Monday, February 23, 2015
Shredded pork or beef that is spiced
The garnacha base is made with fresh masa, which can be bought at a Latin grocery store or made with masa harina. If you make it, be sure to let it sit for a while so the corn flour can fully rehydrate and you can get the texture of the dough right. It should not crack when you knead it and if it does crack, you can add a bit more water. Rick Bayless' version starts with fresh masa, but he adds shortening or lard and a bit of sugar. The disks are flattened like tortillas, but left about twice as thick and instead of cooking them on a griddle or a comal, you fry them in oil until they are browned and crisp on the outside. They will still be a bit moist on the inside. Once they are done, you top them with the meat, a bit of salsa, and then queso freco sprinkled on top. Serve it with a freshly pickled cabbage as an appetizer. Phenomenal!
Sunday, February 22, 2015
Adele (Winslet) is a fragile woman with phobic traits who lives almost entirely within the four walls of her house. She ventures out with her son Henry to shop when it is absolutely necessary and it is only with great effort and anxiety that she manages that. We find out that she has had numerous miscarriages and the sadness of that endless loss broke up her marriage, but she strikes me as someone who was anxious even before that. It is on one of her grocery trips that she and Henry are more or less abducted by Frank, an escaped prisoner convicted of murdering his wife. His plan is to hole up with them until he can catch a train out of town. Unfortunately for him it is Labor Day weekend and so he is stuck there for days rather than hours, and over that time Adele becomes quite fond of him. He cooks, he cleans, he fixes things. He teaches Henry to play baseball and make pie. He is tightly wound and violence simmers beneath his surface, but he has something in him that makes Adele brave, braver than she has been in years. All does not go well in the short run, but the long run is another story altogether.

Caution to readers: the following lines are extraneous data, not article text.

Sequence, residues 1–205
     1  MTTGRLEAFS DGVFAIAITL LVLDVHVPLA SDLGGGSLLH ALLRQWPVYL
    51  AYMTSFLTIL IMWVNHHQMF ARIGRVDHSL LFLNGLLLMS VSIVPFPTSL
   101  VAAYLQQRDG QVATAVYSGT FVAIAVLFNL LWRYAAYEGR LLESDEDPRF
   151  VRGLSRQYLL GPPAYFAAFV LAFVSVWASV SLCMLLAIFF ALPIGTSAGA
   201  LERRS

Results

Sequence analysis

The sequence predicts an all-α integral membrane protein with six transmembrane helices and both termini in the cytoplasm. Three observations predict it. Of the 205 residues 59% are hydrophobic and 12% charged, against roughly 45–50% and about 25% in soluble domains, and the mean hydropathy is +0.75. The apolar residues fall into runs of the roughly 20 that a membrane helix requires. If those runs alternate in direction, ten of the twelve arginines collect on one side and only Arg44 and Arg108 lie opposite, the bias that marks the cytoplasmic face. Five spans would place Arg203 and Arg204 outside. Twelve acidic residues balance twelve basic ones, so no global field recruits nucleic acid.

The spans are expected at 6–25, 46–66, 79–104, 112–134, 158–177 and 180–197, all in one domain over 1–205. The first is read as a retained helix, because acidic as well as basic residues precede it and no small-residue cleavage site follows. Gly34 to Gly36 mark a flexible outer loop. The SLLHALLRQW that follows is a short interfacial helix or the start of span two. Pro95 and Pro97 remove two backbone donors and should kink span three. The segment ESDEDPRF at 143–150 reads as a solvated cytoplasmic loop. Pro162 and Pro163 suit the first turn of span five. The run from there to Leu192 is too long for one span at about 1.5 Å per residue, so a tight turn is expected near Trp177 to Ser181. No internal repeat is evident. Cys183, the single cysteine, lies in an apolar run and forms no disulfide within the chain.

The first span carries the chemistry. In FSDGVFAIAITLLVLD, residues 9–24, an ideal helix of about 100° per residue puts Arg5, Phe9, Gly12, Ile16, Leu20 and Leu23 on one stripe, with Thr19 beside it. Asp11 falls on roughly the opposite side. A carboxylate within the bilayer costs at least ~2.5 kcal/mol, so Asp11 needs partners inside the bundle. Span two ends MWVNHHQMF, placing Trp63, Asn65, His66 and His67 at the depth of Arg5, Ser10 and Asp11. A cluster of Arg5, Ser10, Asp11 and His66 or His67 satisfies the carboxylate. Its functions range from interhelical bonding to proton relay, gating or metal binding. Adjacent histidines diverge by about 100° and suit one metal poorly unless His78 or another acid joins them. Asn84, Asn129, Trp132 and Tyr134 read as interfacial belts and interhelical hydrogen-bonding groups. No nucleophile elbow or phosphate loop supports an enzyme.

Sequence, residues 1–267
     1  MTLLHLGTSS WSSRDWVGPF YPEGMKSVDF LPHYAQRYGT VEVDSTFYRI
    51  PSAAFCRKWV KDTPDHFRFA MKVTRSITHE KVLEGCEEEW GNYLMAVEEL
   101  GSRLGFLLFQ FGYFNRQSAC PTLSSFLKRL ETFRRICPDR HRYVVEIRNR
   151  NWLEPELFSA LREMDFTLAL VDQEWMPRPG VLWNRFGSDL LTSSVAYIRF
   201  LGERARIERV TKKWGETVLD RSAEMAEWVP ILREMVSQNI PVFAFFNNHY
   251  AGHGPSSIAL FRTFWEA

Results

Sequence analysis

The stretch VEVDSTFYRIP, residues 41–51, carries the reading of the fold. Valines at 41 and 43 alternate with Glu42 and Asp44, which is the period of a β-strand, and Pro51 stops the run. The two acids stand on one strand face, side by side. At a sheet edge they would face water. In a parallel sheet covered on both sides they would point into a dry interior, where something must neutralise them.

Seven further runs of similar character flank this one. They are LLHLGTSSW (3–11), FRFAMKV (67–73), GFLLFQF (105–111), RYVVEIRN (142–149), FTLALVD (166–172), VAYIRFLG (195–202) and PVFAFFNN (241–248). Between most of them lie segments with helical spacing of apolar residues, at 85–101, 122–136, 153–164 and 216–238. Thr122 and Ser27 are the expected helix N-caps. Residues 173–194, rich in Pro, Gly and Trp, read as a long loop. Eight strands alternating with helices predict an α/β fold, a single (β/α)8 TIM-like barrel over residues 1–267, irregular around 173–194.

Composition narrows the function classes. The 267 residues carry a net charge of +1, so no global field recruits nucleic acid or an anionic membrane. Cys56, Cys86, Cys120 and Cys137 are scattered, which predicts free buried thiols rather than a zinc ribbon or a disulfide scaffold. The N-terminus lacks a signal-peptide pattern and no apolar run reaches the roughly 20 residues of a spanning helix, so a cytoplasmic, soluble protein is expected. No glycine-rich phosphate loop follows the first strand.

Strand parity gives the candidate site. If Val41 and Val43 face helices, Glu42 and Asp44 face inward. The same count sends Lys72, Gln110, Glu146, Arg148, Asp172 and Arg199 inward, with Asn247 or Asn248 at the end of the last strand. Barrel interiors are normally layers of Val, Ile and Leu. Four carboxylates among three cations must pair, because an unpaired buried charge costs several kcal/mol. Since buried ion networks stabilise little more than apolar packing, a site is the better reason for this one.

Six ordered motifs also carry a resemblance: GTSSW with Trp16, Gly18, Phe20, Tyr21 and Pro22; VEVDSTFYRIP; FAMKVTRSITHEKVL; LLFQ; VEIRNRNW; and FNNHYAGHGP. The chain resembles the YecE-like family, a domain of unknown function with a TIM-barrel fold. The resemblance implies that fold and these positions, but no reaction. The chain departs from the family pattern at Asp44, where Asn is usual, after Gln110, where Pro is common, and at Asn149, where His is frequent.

Saturday, February 21, 2015
Friday, February 20, 2015
- 2 tablespoons olive oil
- 4 skinless, boneless chicken breasts (about 1 1/2 pounds)
- Kosher salt and freshly ground black pepper
- 1 onion, minced (about 1 cup)
- 4 garlic cloves, minced
- 2 cups stock
- 1 cup white wine
- 1/2 cup Dijon mustard
- 2 tablespoons minced fresh thyme plus thyme leaves for garnish
- 1 tablespoon butter
Heat oil in a large heavy Dutch oven over medium-high heat. Season chicken breasts with salt and pepper. Place chicken in Dutch oven and cook until brown on both sides, 12-15 minutes total. Transfer to a plate and set aside.
Place leeks and onion in same pot and sauté until tender, about 8 minutes. Add garlic and sauté until tender, about 2 minutes. Stir in broth, wine, Dijon mustard, and minced thyme and bring to a simmer. Return chicken to pot. Cover and simmer over medium-low heat until chicken is cooked through, about 15 minutes.
Transfer chicken to plates. Bring liquid in pot to a boil; cook until sauce is thickened and glossy, about 15 minutes. Whisk in butter and season with salt and pepper. Spoon sauce over chicken and garnish with thyme leaves.
Thursday, February 19, 2015
The reason to watch this film, which is well under an hour in length, is not so much for the story line but for the lush scenery that is the hallmark of Japanese animation. The people's faces are so undetailed as to be anonymous but the landscape and the rain are just spectacular, the best I have ever seen.